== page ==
. Iran (Statutes) Statutes of the Iranian Cultural Heritage Organisation. The archaeological heritage is that part of the material heritage in respect of which archaeological methods provide primary information. Other elements of the archaeological heritage constitute part of the living traditions of indigenous peoples and for such sites and monuments the participation of local cultural groups is essential to their protection and preservation. colour and decoration. Its protection and proper management is therefore essential to enable archaeologists and other scholars to study and interpret it on behalf of and for the benefit of present and future generations. 3487-Q. Conservation in an historic town or urban area demands prudence. 1990. of buildings as defined by scale. Rigidity should be avoided since individual cases may present specific problems.the relationship between the town or urban area and its surrounding setting. Sazeman-e Miras-e Farhanghi-e Keshvar (N. Any threat to these qualities would compromise the authenticity of the historic town or urban area. . a systematic approach and discipline. ICOMOS Charter (Archaeology) International Charter for Archaeological Heritage Management Introduction ** It is widely recognized that a knowledge and understanding of the origins and development of human societies is of fundamental importance to humanity in identifying its cultural and social roots. Some elements of the archaeological heritage are components of architectural structures and in such cases must be protected in accordance with the criteria for the protection of such structures laid down in the 1964 Venice Charter on the Conservation and Restoration of Monuments and Sites. The conservation of historic towns and urban areas concerns their residents first of all. . interior and exterior. 3..4. together with all the portable cultural material associated with them. 4. and in this way to create a context for receiving lessons.ICCROM Working Group 'Heritage and Society' / / JJ . recognising these resources. It comprises all vestiges of human existence and consists of places relating to all manifestations of human activity. size. makes it possible to learn about the identity and the line of man's cultural evolution. construction materials. both natural and man-made. . 1988.the various functions that the town or urban area has acquired over time. The participation and the involvement of the residents are essential to the success of the conservation programme and should be encouraged. 1.the formal appearance. The protection of this heritage cannot be based upon the application of archaeological techniques alone.1367 Iranian calendar) Article 1) Definition: Cultural heritage consists of the resources remaining from the past that evidence the passage of man through history. Page 34 . abandoned structures and remains of all kinds (including subterranean and underwater sites). style. 28. The archaeological heritage constitutes the basic record of past human activities. It requires a wider basis of professional and scientific knowledge and skills.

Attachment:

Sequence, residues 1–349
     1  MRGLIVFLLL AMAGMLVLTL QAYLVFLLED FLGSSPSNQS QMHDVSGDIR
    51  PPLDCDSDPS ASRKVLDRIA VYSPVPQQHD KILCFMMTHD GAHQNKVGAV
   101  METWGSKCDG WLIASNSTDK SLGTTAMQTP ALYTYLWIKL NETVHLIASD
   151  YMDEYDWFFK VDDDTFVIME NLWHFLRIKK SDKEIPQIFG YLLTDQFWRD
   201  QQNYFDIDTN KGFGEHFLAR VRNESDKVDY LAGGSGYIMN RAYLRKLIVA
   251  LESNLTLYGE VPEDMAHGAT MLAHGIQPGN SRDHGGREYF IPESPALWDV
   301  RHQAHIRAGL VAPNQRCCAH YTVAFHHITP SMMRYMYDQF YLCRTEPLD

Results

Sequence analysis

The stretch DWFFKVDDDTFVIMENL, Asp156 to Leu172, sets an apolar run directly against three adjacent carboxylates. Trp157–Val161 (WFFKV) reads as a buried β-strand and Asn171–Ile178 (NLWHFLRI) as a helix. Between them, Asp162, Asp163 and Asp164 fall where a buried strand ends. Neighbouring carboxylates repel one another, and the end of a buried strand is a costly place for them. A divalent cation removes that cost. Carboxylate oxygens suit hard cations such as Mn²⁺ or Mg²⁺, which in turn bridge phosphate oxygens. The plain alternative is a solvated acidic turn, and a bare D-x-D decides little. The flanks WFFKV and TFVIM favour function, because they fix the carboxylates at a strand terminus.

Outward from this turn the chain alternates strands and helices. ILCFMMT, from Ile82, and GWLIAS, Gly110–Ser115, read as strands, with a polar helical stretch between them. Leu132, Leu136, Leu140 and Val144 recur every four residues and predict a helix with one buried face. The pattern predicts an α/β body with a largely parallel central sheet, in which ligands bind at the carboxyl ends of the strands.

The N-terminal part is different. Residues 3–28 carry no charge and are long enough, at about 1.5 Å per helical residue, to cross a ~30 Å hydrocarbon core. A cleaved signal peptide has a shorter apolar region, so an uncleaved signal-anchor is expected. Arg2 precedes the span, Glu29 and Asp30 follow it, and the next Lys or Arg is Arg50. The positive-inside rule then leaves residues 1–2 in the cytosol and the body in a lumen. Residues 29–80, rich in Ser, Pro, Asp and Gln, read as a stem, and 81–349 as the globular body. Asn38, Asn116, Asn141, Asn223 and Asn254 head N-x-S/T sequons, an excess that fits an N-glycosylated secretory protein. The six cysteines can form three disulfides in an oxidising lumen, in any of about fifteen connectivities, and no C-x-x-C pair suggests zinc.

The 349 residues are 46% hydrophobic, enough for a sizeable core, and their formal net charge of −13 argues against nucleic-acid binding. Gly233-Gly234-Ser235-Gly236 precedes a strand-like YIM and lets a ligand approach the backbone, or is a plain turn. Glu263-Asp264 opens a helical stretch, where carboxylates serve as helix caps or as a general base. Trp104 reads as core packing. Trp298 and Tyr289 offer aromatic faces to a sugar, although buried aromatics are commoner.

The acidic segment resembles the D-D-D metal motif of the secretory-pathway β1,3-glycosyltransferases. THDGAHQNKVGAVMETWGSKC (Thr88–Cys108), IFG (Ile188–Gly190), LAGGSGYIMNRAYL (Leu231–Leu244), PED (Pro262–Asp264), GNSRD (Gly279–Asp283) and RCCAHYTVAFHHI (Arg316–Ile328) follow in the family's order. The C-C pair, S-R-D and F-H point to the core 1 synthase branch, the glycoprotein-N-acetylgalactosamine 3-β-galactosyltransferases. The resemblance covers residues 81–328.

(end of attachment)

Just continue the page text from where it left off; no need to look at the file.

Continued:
ICCROM Working Group 'Heritage and Society' / / JJ 1991. Particular knowledge of heritage values is entrusted to chosen guardians. 5. 2. Buildings of the twentieth century are many in number and of varying character: they reflect both traditional and modernist values. This trend has gathered pace. In cases where cultural values appear to be in conflict. archaeological and traditional sites. and demands respect for other cultures and all aspects of their belief systems. local and tribal groups and associations. the buildings produced in the twentieth century are not recognised as having heritage value. Council of Europe (20th Century) Recommendation on the Protection of the 20th-century Architectural Heritage 1. conserving and relating to their cultural heritage. The Treaty of Waitangi is the historical basis for indigenous guardianship. the transformation of construction techniques and new uses. Cultural heritage diversity exists in time and space. More specifically. landscapes and features. and sacred places and monuments are treasures of distinctive value. respect for cultural diversity demands acknowledgement of the legitimacy of the cultural values of all parties. The diversity of cultures and heritage in our world is an irreplaceable source of spiritual and intellectual richness for all humankind. These areas. It recognises the indigenous people as exercising responsibility for their treasures. structures and gardens. at the same time as technological progress. 1992. With the exception of the work of certain pioneers. Indigenous Cultural Heritage The indigenous heritage of Maori and Moriori relates to family. Nara Document on Authenticity Cultural diversity and heritage diversity. It is inseparable from identity and well-being and has particular cultural meanings. buildings. in order to meet the needs of contemporary society. the introduction of new materials. monuments and sacred places. It is therefore necessary to encourage better knowledge and understanding of this part of the heritage by drawing attention to its qualities and the wealth and diversity of its different forms. New Zealand peoples have particular ways of perceiving. 6. This interest extends beyond current legal ownership wherever such heritage exists. 1994. architecture and urban planning have undergone profound changes due to industrialisation. New Zealand Charter Charter for the Conservation of Places of Cultural Heritage Value Preamble New Zealand retains a unique assemblage of places of cultural heritage value relating to its indigenous and its more recent peoples. and should proceed only in this context. The protection and enhancement of cultural and heritage diversity in our world should be actively promoted as an essential aspect of human development. New Zealand shares a general responsibility with the rest of humanity to safeguard its cultural heritage for present and future generations. Page 35 . Since the end of the nineteenth century. The conservation of places of indigenous cultural heritage value therefore is conditional on decisions made in the indigenous community.